If I played that Facebook game where I oddly explain what I do for a living, I’d say I address longing. In music lessons, I help with a desire to capture the beauty of making music to find rapture. In psychic readings, longing is omnipresent. Love, health, work, and coming to terms with the past, that’s some of what I discuss. This week, at the end of a reading, a woman said, you’re a medium, tell me more about the people who have passed. Meanwhile, I had spent most of her session as her mother. She saw me in that room, but the voice coming from my mouth was not mine. Why can I not remember to explain that as it happens? 

The most important things in life are not things, but stuff you can’t touch or prove. Yearning, love, frustration, and yes, desire for your next experience. As a child, I longed to be grown up and free. As a teen, it was romance, in my 20s, adventure. In my 30s, 40s, and 50s, I wanted to be a good mother and enjoy my work. Now I long for serenity, a continuance of my lovely career, and a whole bunch of trips thrown into the mix. I live for the future. When I think about mistakes, I ponder the longing that took me in that direction.


Today is my once-a-week ice cream day. What will I long for when I’m 90 and decide to eat it every day? Maybe it’ll be new friends to replace those who have passed, a driver who makes me laugh, and the continued ability to move my body. I wonder if psychic people with dementia can still predict?

Wednesday, December 8, 2021

Resolutions: What We Want and What We Get

Until I was 40, I wanted to be mysterious, petite, and blond. Finally, with my shocking psychic predictions, I’m mysterious, even to myself. With age, I’m thinner and shorter, so now I look at my skinny bones and think, I’m petite. My black hair has gone gray, so I pretend it’s close to blond.

Every Christmas, I used to ask Santa for a horse. I bought one as an adult, then sold it so I could afford my son. He’s way more fun.

With the Covid isolation, I looked back at old goals and made new ones. When regrets surfaced, I forgave myself because I wasn’t the woman I am now. When I looked at my bank account, I fantasized about five trips to Europe. Unable to travel, I threw money at the steep hills in my yard to make rolling ones and the new long driveway that now reaches my door.

Last month, as the excavator moved earth for six solid hours, I watched him sweat and jump in and out of big boy equipment. When I invited him in to get his money, he made a detour to his truck for some cologne. As a single woman, I just wanted a whiff of a sweaty man. What I got was a perfume factory. He sure did try though.

After a decade of house and property renovations, I have a different New Year’s resolution.  I’ll pursue adventures and discover firsts instead of repeats. I’ll make plans for what I want but try to enjoy what gets dumped on my lap. I’ll work on contentment in 2022.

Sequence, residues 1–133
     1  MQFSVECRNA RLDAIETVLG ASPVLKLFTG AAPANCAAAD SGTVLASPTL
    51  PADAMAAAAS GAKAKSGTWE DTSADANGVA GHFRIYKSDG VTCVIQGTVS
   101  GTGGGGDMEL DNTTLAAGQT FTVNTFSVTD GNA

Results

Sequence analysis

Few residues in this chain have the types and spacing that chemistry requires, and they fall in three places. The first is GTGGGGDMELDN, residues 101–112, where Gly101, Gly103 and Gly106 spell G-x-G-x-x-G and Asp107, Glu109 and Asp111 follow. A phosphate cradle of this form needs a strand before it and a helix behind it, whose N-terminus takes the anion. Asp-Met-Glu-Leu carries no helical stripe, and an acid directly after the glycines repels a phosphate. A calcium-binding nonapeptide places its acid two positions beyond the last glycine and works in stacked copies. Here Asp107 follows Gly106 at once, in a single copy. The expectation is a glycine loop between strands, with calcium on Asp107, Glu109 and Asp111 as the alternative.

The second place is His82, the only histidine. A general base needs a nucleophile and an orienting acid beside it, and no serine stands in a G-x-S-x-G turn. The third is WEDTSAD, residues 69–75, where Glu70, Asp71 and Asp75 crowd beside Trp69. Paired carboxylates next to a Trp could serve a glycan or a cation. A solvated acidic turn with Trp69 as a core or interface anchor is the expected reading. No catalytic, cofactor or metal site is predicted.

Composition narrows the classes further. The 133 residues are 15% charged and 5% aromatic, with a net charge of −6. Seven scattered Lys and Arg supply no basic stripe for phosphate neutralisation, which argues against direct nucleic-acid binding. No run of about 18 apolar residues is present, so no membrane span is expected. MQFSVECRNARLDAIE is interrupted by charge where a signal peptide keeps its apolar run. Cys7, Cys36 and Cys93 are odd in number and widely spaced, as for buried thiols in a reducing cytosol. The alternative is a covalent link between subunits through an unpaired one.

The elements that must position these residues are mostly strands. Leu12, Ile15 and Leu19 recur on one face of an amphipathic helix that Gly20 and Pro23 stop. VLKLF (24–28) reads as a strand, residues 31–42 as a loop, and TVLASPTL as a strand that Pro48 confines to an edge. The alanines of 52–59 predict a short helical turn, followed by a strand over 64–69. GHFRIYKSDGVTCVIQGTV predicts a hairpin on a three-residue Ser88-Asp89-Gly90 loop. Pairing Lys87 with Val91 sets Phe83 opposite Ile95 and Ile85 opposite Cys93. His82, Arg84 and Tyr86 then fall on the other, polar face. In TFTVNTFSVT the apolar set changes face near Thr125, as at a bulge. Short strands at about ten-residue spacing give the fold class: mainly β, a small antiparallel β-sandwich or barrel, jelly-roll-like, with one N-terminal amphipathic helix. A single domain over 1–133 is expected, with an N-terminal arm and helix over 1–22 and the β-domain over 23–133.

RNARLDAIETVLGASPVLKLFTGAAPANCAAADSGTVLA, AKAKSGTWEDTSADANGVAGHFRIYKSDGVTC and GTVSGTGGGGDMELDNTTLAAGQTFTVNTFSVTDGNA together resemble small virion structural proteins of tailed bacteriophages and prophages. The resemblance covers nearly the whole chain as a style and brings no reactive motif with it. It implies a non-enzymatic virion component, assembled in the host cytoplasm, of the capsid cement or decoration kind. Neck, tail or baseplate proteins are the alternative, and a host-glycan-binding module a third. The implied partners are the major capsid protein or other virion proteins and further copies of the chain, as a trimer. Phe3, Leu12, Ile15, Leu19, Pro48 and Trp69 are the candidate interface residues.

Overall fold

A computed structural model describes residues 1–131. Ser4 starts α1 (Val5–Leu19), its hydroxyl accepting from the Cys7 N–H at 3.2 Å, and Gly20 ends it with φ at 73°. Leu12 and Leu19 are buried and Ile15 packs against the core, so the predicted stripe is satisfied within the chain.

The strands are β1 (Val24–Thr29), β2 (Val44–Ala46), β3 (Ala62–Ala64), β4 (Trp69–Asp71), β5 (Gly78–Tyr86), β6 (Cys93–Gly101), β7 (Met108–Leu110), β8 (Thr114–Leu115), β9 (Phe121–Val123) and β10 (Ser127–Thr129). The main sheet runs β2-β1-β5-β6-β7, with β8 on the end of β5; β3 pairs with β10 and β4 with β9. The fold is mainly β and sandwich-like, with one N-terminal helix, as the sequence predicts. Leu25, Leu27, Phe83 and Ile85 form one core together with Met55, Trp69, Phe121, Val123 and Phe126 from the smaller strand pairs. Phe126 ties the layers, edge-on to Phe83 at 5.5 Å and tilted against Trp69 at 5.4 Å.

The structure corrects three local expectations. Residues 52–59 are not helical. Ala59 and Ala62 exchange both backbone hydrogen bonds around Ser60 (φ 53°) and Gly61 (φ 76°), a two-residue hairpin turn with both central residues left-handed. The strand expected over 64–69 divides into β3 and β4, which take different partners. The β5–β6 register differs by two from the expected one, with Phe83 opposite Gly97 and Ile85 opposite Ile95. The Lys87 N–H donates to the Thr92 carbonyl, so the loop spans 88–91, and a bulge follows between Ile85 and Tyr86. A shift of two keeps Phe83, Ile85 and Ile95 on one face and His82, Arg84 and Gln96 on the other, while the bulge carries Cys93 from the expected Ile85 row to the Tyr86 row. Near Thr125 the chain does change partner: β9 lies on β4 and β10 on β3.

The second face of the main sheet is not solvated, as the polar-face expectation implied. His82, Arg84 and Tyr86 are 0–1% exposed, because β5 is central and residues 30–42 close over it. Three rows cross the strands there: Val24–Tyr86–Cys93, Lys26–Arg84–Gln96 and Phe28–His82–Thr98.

Now, please excuse me. I have to go run my car up and down that new driveway.

Wednesday, November 17, 2021

Knowing About Death

Today I was thinking about a man I met in Rome in 1974. He was chivalrous, troubled from the Vietnam war, and wealthy. I haven’t seen him since then, but today I saw him clearly, and then in my mind’s eye, I saw his life slip away.

I think we all know when we’re going to die. Some people don’t want to think about it, and others, like me, ponder and embrace the reality of it.

As my nurse mother stood by my 76-year-old father’s hospital bed, he asked her, why is everything shutting down? He probably never thought he’d be cognizant of the physical process of slipping away.

My mom spoke openly of death, and in that context, she often lamented losing her high school classmates. Class of ’42 is dwindling fast, she’d say. But she was an optimist, so then she’d say, just one more year, that’s all. Many times, she said she needed one more year to welcome a first great grandchild. Another time it was a trip she wanted to take, and other years it was just an age number. She made it to 87, and the last year of her life I didn’t hear a word about wanting more time.

As a shy child, I used to reward myself when I did a brave thing. I’d ride my bike two exploratory blocks further than usual, then sneak an extra cookie. If I raised my hand in class and spoke out loud, then at recess, I’d run as fast as I could around the perimeter of the playground. Oh, did I love to run.

I thought being a child meant being the bravest. So many new things, so many obstacles, so many people bossing me. Now I know, the oldest people have to be the bravest. They are the keepers of faith, the calm, the knowledgeable, and the wonderful. 

Tuesday, October 19, 2021

What I Discovered About Ghosts

I’m in the midst of a job as a tour guide for history/ghost tours in Lebanon, PA. As patrons asked me questions, here is what surprised me. I’ve never seen a ghost under eleven years old, nor have I seen an old person ghost. Maybe that’s because those ages are the least troubled, and they move on to another dimension and don’t hang around.

I only see the top two thirds of a spirit with no lower half, and they float. From my ghost research, that’s common for other ghost spotters. Some spirits wear diaphanous gowns and some wear clothes from the period when they lived.

Ghosts are not scary to me, but disgruntled ones make me uncomfortable. I’ve read they are wandering souls so it’s possible they aren’t comfortable either.

The first time I experienced ghosts was with my Great Aunt Naomi when I was about five. As we climbed the stairs of the Farmers Trust building to her tiny apartment, she stopped to rest. I flattened my body against the wall and said I was afraid of the ghosts. She told me they’re harmless and that I should leave them alone.

Spirits talk to me but I don’t think they listen. This is how they present themselves to me. I see them, hear them, smell them, or get goosebumps.

Thirty years ago, a good psychic told me, you talk to dead people. Horrified, I tried to pretend it wasn’t true, but I knew it was. Since I’m a medium, I guess that’s my specialty. Can’t say I’m especially fond of them though.